and Rettie joined that small group of journalists that never bought
Cadbury's chocolates. Cadbury had been the owner of the Chronicle and
had closed it down, although it still had a circulation of over a

Rettie now moved continents and established himself as a free-lance
reporter in Mexico, marrying his second wife, Vanda Summers, with whom
he had a son and a daughter.

He came back to England in 1964, to stand in the Liberal interest at
the general election that year in Middlesbrough West. He came third,
with 5,816 votes, the winner (a Labour gain) being Jeremy Bray. The
following year he was in the Dominican Republic, sending vivid reports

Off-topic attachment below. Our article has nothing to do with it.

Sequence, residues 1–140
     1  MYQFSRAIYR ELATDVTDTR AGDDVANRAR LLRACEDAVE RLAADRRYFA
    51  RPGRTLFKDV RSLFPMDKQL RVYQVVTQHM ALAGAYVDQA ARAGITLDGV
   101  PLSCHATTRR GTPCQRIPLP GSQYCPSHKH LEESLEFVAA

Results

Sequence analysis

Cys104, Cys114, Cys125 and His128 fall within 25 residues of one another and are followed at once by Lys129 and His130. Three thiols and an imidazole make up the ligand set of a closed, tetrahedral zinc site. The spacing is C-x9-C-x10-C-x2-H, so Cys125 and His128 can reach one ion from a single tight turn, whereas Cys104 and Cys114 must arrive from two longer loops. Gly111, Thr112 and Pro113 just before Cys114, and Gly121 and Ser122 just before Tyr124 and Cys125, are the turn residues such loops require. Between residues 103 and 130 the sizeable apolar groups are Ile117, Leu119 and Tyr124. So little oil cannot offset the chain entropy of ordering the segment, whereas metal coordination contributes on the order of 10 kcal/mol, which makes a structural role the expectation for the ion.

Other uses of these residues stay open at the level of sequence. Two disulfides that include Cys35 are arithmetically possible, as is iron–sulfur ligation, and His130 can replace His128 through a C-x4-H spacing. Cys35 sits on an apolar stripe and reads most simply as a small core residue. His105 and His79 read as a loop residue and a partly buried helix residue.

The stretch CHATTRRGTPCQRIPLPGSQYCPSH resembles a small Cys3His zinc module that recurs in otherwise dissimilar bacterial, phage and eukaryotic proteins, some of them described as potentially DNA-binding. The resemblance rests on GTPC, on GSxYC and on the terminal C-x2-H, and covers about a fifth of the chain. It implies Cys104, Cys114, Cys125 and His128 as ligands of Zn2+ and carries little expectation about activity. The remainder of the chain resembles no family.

to the Guardian on the US invasion of the island, ordered by President

Settling back in Britain in 1967, he helped set up Latin American
Newsletters, a weekly review of Latin American affairs, based
initially on the reports of two European news agencies, the Italian
Inter Press Service and the Spanish EFE, but soon acquiring a network
of experienced correspondents throughout the continent, as well as a
bunch of enthusiastic young journalists working in London.

During the 1970s, when much of Latin America fell under military rule
and censorship prevailed, the Newsletter became an important and much
respected source of news. Rettie put his capital and his energies into
making it a success, but eventually he fell out with two of his
partners, Hugh O'Shaughnessy and Christopher Roper, and he was voted
off the board (together with the writer of this notice) in 1980. Not
usually a man to bear a grudge, he never willingly spoke to them
again. At much the same time, a Middlesbrough engineering firm, James